Written by: Louise Calderwood | March 3, 2023
Every January, the “in-session” map on our state legislative and regulatory tracking service starts to light up as most state legislatures open for business. By mid-February, 45 states are in regular session and one state is in a special session. These next few months, we will certainly be busy tracking bills and working with state and regional associations to minimize negative impacts brought on the industry by overly ambitious legislators.
This year, we have the usual assortment of state bills and other measures with creative, though illegal, approaches to the use of hemp as an animal food. Kansas HB 2168 proposes to allow hemp fiber, grain and seeds to be used as food for livestock, poultry and pets and authorizes the secretary of agriculture to lower the licensing and registration fees for hemp products. Minnesota HB 100 proposes to develop an office of cannabis management to support the commissioner of agriculture in the development of interagency agreements for edible cannabinoid products for humans and animals. The bill also proposes to establish a division of social equity to address communities that experienced a disproportionate, negative impact from cannabis prohibition.
State by state approaches to the regulation of per- and polyfluoroalkyl substances (PFAS) and the work to harmonize them is ongoing. Maryland SB 158 proposes to establish maximums of 100 parts per trillion for the presence of PFAS in mosquito control pesticides and potentially in other pesticides as well, including pesticides used in animal feed. We have written to the Maryland Department of Agriculture to express our displeasure with this bill and will stay alert to any new activity in the legislature. So far, the bill is sitting quietly and we hope it stays that way.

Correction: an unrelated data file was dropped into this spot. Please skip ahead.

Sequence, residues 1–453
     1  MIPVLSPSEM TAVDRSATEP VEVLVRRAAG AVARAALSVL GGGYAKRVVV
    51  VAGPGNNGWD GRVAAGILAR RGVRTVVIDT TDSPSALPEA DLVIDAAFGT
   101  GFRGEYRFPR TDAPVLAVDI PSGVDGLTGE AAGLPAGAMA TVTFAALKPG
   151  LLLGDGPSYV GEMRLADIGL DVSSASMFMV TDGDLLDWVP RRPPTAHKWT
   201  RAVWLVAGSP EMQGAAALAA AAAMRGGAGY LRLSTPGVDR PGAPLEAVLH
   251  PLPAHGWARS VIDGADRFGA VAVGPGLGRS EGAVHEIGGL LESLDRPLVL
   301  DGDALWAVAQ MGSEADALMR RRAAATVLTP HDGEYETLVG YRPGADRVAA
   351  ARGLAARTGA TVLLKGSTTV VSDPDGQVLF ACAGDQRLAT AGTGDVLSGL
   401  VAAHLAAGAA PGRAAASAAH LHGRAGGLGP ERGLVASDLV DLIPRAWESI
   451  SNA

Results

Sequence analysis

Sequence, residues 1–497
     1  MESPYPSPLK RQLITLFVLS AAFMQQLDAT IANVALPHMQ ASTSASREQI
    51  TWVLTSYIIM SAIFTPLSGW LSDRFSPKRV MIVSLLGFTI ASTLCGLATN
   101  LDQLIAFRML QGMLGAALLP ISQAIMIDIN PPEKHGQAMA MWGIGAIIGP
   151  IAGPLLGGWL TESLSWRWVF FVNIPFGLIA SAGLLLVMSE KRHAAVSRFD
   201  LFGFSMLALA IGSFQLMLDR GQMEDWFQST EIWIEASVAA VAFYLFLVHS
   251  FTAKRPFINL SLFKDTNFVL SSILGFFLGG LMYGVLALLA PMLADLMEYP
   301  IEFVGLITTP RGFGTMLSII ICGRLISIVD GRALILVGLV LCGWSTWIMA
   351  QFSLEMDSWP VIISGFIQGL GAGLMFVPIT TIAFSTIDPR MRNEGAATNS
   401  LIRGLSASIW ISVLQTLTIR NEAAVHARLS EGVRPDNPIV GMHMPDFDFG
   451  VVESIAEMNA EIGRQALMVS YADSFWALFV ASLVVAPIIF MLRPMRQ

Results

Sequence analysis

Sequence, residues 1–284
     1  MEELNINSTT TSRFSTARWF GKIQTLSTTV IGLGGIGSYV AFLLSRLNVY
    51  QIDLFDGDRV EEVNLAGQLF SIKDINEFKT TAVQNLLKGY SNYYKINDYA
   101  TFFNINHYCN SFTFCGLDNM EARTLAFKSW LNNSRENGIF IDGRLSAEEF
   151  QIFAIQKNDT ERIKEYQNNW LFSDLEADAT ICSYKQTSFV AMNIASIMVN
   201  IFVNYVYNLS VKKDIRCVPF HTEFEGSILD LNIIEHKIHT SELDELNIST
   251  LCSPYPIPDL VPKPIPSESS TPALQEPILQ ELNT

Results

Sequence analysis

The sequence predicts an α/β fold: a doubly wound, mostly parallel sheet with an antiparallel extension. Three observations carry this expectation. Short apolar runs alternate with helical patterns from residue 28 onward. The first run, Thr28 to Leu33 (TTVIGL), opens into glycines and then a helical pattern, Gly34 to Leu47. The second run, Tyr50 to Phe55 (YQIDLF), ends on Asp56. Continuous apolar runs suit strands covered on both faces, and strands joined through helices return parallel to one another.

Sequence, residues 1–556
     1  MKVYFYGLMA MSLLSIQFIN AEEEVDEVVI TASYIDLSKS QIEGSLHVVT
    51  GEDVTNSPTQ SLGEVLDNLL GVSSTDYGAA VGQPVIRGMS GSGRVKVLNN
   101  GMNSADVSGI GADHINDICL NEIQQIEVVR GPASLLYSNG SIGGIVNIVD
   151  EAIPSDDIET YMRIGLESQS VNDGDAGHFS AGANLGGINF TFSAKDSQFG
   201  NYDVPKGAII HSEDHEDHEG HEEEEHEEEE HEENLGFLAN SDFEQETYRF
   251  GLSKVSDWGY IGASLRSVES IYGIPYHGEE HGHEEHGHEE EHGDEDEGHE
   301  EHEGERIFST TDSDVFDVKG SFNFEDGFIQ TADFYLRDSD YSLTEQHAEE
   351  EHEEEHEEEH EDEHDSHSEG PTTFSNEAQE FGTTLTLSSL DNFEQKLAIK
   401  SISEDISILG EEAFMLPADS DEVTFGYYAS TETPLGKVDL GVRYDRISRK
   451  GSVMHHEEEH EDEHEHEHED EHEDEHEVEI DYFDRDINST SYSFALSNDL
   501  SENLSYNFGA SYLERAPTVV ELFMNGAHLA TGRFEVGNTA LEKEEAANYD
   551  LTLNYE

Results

Through South Carolina HB 3266, the South Carolina Legislature is once again proposing to impose a fee of $2 a ton on horse feed and custom equine blends to fund an equine promotion board. We successfully blocked similar legislation in 2021. The funds potentially collected would be used for research, education and promotion of the equine industry. While we certainly have no qualms with the purpose of this bill, the animal food industry should not bear the financial burden. The South Carolina Department of Agriculture is not in favor of the bill, and we are prepared to work with local stakeholders to oppose the measure.
A small group of legislators are promoting Illinois HB 1290 in an effort to amend the Illinois Commercial Feed Act to state that pet food is misbranded if the label fails to disclose whether the pet food contains a major food allergen, defined as milk, eggs, fish, crustaceans, tree nuts, wheat, peanuts, soybeans and food ingredients that contain a protein derived from those foods. We are working with the Grain and Feed Association of Illinois to push back on this bill as animal food is specifically exempt from the federal Food Allergen Labeling and Consumer Protection Act of 2004.
And it just wouldn’t feel like “busy season” if we weren’t opposing pet food fee increases in Maryland. HB 365 proposes to link the fee amount to the inflation index from 2013 and expand the use of the funds collected beyond grants to cover low spay and neutering to include other pet wellness services and transportation of pets to clinics. Earlier this month, we testified in opposition to this bill and are prepared to be equally active in the Maryland Senate, where we hope to find an audience receptive to our opposition to the fee increase and service expansion. We have staved off the proposed increases since 2020; wish us luck as we continue our work this year!
The busy season keeps us hopping, reviewing many legislative proposals impacting the animal food industry. Thank you to our members and regional associations as you help us respond to the always industrious legislators.